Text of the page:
Turning to the question of whether the First Amendment protects Williams's statements condemning Bland as, inter alia, a “Junior Mussolini” engaged in “intimidation tactics,” we conclude that those statements, while perhaps coarse, fall within the ambit of protected speech.   We come to this conclusion recognizing fully that the right to free speech is not absolute.   As the Supreme Court explained in Chaplinsky v. New Hampshire:

There are certain well-defined and narrowly limited classes of speech, the prevention and punishment of which have never been thought to raise any Constitutional problem.   These include the lewd and obscene, the profane, the libelous, and the insulting or “fighting” words-those which by their very utterance inflict injury or tend to incite an immediate breach of the peace.   It has been well observed that such utterances are no essential part of any exposition of ideas, and are of such slight social value as a step to truth that any benefit that may be derived from them is clearly outweighed by the social interest in order and morality.   Resort to epithets or personal abuse is not in any proper sense communication of information or opinion safeguarded by the Constitution, and its punishment as a criminal act would raise no question under that instrument.

315 U.S. 568, 571-72, 62 S.Ct. 766, 86 L.Ed. 1031 (1942) (internal quotation marks and footnotes omitted) (quoting Cantwell v. Conn., 310 U.S. 296, 309-10, 60 S.Ct. 900, 84 L.Ed. 1213 (1940)).   While comparing the manager of a recreational center to a fascist dictator easily qualifies as “personal abuse” in a colloquial sense, as a matter of law it does not rise to the level of “so-called ‘fighting words,’ those personally abusive epithets which, when addressed to the ordinary citizen, are, as a matter of common knowledge, inherently likely to provoke violent reaction.”  Cohen v. California, 403 U.S. 15, 20, 91 S.Ct. 1780, 29 L.Ed.2d 284 (1971).   In Buckley v. Littell, we held that the use of the word “fascist” to describe a political commentator fell “within the realm of protected opinion and idea” and therefore was not actionable in a libel suit.  539 F.2d 882, 894 (2d Cir.1976).   Indeed, comparing a disliked authority figure to a fascist leader is an exceedingly common-arguably hackneyed-rhetorical device.   See, e.g., Preda v. Nissho Iwai Am. Corp., 128 F.3d 789, 792 (2d Cir.1997) (comparison between corporation's business practices and “Mussolini's Italy, Nazi Germany, and Communist Romania”);  NLRB v. New York Univ. Med. Ctr., 702 F.2d 284, 288 (2d Cir.1983) (description of a New York University Medical Center administrator as a fascist), vacated by 464 U.S. 805, 104 S.Ct. 53, 78 L.Ed.2d 73 (1985);  United States v. Silverman, 430 F.2d 106, 124 (2d Cir.1970) (comparison between union official and Adolf Hitler);  United States v. Bollenbach, 125 F.2d 458, 459 (2d Cir.1942) (comparison between government investigators and Hitler);  Croce v. VIP Real Estate, 950 F.Supp. 524, 537 (E.D.N.Y.1997) (comparison of office manager and Hitler).   Accordingly, we hold that Williams's comments were protected by the First Amendment.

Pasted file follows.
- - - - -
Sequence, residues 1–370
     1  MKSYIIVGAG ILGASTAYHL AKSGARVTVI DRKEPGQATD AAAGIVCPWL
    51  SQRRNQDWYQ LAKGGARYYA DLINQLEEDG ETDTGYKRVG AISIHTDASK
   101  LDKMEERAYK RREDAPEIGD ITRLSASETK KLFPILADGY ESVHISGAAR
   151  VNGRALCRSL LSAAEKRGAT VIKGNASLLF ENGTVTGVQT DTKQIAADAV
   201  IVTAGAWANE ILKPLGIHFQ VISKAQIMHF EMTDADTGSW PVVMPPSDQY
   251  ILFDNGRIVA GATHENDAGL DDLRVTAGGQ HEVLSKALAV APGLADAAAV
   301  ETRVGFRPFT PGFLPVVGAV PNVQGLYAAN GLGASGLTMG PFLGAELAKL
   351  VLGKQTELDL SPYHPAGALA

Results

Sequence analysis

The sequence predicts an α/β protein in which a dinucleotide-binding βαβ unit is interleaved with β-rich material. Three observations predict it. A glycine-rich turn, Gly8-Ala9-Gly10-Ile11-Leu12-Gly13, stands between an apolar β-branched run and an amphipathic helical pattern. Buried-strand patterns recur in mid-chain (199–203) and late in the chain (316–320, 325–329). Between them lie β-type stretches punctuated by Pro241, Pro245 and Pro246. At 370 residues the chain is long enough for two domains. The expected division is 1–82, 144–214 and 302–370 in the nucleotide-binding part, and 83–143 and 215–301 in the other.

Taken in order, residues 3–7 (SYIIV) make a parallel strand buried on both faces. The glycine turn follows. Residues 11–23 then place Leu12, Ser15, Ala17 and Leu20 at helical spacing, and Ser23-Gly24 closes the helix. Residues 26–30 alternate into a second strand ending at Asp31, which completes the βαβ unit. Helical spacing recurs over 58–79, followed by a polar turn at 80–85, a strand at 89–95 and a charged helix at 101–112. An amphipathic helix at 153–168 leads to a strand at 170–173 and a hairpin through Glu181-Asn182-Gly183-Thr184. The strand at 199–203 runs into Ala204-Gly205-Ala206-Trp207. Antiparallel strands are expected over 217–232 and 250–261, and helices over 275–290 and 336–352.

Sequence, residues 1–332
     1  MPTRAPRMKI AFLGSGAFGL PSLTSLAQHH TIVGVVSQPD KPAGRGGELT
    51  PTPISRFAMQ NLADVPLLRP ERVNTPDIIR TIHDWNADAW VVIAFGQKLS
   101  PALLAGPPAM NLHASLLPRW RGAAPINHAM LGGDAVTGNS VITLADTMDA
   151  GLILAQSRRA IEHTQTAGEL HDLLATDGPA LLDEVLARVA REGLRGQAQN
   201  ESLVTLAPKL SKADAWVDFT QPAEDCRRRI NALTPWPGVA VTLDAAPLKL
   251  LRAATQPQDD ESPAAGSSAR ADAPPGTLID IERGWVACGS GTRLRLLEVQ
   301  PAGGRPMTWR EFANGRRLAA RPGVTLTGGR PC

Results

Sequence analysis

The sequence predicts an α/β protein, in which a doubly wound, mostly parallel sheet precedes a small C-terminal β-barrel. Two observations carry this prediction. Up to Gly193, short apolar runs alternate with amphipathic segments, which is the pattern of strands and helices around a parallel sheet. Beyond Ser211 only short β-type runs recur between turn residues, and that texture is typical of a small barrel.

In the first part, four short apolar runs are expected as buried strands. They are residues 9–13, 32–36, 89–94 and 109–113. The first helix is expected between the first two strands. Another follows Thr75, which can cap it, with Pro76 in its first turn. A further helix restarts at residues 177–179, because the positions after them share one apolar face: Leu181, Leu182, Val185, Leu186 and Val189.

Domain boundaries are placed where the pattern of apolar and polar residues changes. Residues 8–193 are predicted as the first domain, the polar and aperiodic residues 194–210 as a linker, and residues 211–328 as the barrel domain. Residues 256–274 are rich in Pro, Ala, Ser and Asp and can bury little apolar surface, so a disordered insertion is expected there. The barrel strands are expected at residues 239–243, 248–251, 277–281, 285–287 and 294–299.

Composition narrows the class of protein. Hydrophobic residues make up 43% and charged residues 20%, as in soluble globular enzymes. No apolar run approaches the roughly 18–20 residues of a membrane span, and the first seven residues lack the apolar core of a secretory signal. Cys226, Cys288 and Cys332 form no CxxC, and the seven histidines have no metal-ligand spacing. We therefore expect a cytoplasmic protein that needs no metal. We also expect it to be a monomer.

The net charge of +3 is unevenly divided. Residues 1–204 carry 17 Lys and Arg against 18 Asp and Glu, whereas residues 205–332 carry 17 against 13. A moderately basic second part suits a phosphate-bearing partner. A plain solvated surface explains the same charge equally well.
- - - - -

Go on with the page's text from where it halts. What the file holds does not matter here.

The District Court did not consider any other elements of a retaliation claim.   Nonetheless, we affirm the order of summary judgment, rather than remand for further proceedings, because, as a threshold matter, Williams has not alleged any cognizable injury under Section 1983.

 “To state a claim under Section 1983, a plaintiff must allege facts indicating that some official action has caused the plaintiff to be deprived of his or her constitutional rights-in other words, there is an injury requirement to state the claim.”  Colombo v. O'Connell, 310 F.3d 115, 117 (2d Cir.2002).   In Colombo, we explained that plaintiffs who allege a violation of their right to free speech must prove that official conduct actually deprived them of that right.  Id. To prove this deprivation, Williams must come forward with evidence showing either that (1) defendants silenced him or (2) “defendant[s'] actions had some actual, non-speculative chilling effect” on his speech.  Id.;  see also Spear v. Town of W. Hartford, 954 F.2d 63, 68 (2d Cir.1992) (requiring plaintiff to show that defendants “inhibited him in the exercise of his First Amendment freedoms”).   However, Williams has not alleged facts indicating that Bland and White have deprived Williams of his constitutionally protected right to free speech.   Nor has he produced any evidence showing that defendants' actions chilled his speech or otherwise prevented him from speaking.